Over the next decade, as I continued to struggle with my professional trajectory, my non-working hours (and many working ones) were increasingly devoted to thinking about, preparing, and consuming good food. As a hobby, it was impossibly fun. As an intellectual exercise — a self-imposed challenge to figure out how to make a variety of different dishes the right way — it was stimulating, with every new discovery only serving to fuel an unquenchable thirst for greater knowledge. And as an existential aspiration — the idea of being a chef — it was cool.
Somewhere along the way, I hit a breaking point, and the balance between my love of food and my lifelong relationship with rational thought tipped in favor of the former, and I left my political career to attend culinary school. That experience, along with my brief stint at Blue Duck Tavern, cannot be adequately described in less than several volumes (I’m working on that), so it suffices to say that I saw a lot and I learned a lot — about the finer points of cooking, but also enough about the lifestyle and demands of the profession to know it wasn’t for me.
The dust having settled somewhat from this upheaval, I can say with a reasonable degree of certainty that I am now a decent cook. I have a deeper and more intuitive sense about how to prepare food than I did before; I picked up some tricks and techniques by working with the pros; and I think I cook food that tastes and looks good. But I am not, and never will be, Thomas Keller, Michel Richard, John Melfi, or even half of the line cooks at Blue Duck, and I have friends and family whose natural talent for cooking — if not their experience — equals or exceeds my own.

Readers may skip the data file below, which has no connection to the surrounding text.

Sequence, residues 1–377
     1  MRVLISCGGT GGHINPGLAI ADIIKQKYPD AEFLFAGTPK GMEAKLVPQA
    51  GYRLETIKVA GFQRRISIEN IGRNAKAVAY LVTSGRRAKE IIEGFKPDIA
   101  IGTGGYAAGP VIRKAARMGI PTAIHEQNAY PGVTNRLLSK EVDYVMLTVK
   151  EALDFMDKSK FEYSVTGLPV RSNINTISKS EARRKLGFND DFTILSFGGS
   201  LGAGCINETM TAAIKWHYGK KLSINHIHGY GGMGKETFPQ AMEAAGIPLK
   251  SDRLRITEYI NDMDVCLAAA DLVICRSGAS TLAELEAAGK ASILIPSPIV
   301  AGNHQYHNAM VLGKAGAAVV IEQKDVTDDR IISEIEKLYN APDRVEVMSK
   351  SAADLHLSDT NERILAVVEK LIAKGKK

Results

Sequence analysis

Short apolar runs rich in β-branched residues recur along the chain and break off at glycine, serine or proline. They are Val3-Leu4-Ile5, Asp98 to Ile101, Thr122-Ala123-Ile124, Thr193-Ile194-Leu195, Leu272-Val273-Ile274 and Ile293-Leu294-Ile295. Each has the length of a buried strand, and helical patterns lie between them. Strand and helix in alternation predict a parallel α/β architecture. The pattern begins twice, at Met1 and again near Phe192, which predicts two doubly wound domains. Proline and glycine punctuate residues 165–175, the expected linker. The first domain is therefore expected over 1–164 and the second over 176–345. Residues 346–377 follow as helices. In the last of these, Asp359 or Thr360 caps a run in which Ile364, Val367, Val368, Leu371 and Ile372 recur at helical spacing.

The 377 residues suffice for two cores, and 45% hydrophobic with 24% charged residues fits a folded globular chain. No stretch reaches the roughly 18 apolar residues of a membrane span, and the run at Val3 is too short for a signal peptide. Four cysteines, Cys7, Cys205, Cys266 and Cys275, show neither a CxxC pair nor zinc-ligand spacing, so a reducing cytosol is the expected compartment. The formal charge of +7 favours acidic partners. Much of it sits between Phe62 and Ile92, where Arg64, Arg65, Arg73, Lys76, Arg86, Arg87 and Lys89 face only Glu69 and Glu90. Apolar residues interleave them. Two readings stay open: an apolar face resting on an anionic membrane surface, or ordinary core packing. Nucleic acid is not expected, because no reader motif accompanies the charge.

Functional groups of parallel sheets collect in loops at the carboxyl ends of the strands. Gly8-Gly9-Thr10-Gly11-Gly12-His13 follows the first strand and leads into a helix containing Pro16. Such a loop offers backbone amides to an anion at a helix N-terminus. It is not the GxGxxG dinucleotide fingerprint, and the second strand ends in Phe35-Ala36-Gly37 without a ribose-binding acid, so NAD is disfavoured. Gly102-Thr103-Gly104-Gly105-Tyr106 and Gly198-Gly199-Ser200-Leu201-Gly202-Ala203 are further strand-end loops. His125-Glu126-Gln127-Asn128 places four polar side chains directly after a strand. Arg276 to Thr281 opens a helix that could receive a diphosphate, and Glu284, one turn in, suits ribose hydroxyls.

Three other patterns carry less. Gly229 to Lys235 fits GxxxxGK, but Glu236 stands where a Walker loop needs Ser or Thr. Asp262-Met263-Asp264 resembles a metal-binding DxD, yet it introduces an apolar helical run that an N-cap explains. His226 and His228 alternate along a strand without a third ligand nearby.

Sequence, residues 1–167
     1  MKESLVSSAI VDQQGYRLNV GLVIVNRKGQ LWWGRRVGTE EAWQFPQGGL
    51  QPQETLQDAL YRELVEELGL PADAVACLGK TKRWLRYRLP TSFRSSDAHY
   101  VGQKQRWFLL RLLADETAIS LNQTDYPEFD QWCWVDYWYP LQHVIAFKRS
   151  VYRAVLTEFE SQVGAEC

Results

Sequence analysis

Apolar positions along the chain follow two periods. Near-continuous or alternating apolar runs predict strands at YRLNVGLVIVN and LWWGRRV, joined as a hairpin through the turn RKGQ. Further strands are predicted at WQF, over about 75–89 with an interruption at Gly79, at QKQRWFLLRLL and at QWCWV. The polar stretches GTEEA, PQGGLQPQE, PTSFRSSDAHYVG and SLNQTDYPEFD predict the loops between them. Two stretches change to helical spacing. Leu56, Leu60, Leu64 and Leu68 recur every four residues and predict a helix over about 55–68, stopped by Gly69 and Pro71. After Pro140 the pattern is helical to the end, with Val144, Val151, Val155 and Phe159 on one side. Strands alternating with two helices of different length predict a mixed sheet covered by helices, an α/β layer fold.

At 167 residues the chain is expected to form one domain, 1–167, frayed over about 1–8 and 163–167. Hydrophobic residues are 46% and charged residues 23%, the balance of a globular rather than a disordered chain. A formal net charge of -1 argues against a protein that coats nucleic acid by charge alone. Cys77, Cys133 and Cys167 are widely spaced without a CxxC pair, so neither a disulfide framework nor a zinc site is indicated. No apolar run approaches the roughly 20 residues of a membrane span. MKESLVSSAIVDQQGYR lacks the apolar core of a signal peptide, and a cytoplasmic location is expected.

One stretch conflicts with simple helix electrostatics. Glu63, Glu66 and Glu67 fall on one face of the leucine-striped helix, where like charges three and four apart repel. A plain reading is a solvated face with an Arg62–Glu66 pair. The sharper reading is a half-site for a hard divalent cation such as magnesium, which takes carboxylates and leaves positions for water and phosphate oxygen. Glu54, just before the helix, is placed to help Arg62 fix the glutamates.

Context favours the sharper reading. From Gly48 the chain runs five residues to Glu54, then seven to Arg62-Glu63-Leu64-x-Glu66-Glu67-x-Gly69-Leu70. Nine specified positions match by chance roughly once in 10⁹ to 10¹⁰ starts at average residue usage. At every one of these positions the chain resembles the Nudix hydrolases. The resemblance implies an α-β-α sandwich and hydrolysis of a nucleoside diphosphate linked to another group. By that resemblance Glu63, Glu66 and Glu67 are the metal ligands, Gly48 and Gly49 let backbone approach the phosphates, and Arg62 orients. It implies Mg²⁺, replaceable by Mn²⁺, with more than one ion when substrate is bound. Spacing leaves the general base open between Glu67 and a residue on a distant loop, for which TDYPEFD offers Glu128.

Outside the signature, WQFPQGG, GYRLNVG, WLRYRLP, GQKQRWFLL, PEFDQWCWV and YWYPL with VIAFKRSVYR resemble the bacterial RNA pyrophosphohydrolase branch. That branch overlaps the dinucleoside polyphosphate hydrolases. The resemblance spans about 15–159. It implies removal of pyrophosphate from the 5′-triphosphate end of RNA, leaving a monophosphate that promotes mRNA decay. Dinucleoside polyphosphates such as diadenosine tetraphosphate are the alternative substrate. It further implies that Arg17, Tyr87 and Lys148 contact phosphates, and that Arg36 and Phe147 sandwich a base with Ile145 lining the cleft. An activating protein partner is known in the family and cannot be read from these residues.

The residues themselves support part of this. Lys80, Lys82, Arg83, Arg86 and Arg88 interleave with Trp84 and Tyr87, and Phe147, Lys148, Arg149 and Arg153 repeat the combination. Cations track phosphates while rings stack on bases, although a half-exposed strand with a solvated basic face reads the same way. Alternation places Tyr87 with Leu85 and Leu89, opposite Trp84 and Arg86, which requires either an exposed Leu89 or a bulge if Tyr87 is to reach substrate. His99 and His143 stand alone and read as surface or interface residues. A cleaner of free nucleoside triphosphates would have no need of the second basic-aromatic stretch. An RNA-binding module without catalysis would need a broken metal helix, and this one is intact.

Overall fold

I am also not an authority on food, nor do I think people do or should care about what I think about the subject, per se. I only believe that the various facets of my relationship with food over time — as a disinterested bystander, devoted hobbyist, policy-maker, professional cook, and always enthusiastic diner — are relatable, and might encourage people to think more and harder about their own relationships with food, as well as about what it means every time they cook and eat a meal with friends or family, go out to a nice restaurant, grab a burger on the go, or consciously forgo a meal.
The significance of food is broad, but it’s also deep. Every morsel of food ever eaten came from somewhere and was eaten by someone, however long a path it traveled along the way. Food piques our interest at a molecular level (there’s scarcely a type of food whose nutritional content we haven’t dissected) and as a global policy challenge, where the objective is to ensure that all people have access to the amounts and kinds of foods they need to live long and healthy lives.
If you’re still reading, you definitely love to eat, probably love to cook, and are interested enough in the broader implications of food to engage in either of the first two pursuits thoughtfully. In other words, you agree that food’s important — in all the crazy ways we make it important — and, hopefully, you’ll keep reading.